The European Parliament and Council have just agreed rules on how to roll out renewable energy over the next decade, as part of its Winter Package, an overhaul of the continent’s energy system.
Watching this progress from a British perspective, Ed Mayo, secretary general of Co-operatives UK, wrote on his blog that it is a testament to the power of co-operation.
He highlighted the foundation in 2013 of ResCoop.eu, a network of European renewable energy co-ops, “prompted by an inspiring co-op in Flanders and sheltered initially by Cooperatives Europe, the regional network of the International Cooperative Alliance”.
“Creating a common voice and platform has now paid historic dividends,” wrote Mr Mayo, “as European policy makers have recognised the model as a vital one for mobilising people around low carbon energy systems.”
He said the EU now has a binding objective of increasing renewables by 32% by 2030, with the possibility of increasing the target in 2023.
“For the first time ever the rules now provide an explicit role for citizens and communities through co-operatives in the future of renewables,” wrote Mr Mayo.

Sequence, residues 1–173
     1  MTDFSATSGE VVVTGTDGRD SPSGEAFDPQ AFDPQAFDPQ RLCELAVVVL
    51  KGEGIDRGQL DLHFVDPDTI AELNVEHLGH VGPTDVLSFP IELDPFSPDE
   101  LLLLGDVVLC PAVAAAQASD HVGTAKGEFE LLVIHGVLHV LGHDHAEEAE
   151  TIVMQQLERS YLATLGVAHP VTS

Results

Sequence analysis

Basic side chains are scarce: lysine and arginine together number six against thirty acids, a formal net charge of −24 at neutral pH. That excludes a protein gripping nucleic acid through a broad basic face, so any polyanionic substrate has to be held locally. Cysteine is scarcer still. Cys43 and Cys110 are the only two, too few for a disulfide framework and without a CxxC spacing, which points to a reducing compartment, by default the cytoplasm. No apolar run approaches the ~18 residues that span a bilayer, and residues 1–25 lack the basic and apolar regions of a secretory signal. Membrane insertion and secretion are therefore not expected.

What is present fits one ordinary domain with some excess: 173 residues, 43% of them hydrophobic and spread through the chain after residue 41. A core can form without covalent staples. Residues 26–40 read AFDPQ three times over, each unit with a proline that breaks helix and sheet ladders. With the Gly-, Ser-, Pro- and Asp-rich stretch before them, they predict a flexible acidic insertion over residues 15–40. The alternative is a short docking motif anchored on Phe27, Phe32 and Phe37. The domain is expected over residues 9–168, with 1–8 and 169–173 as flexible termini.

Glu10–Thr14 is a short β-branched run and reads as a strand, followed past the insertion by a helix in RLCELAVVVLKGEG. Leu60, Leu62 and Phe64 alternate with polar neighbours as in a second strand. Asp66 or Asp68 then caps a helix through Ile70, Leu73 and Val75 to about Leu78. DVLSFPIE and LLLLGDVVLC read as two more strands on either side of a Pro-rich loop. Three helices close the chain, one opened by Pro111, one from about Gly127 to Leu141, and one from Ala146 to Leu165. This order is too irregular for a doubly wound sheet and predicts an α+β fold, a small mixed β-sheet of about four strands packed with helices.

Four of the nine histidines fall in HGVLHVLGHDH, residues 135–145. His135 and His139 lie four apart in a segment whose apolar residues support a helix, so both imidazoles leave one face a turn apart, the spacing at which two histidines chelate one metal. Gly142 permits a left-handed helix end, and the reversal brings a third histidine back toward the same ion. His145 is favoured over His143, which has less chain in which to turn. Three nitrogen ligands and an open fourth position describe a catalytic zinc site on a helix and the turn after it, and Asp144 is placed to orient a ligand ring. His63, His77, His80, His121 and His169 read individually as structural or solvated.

“The Renewables Directive contains a strong definition of ‘renewable energy communities’ as well as a definition of ‘self-consumption’. The Directive provides rights, as well as a basis for developing national rules and enabling regulatory frameworks to help them flourish throughout Europe.”
But he said renewable energy co-ops in the UK would have to work to ensure their voice is heard by policy makers.
“It is now over to member states to look at how they will implement this, encouraged along by co-ops in every country,” he wrote. “The timetable stretches longer than the UK, with Brexit, is set to remain.
“If we want all this for the UK, and we have some elements already, we are going to have to build a strong voice by going back to where we started… co-operation.”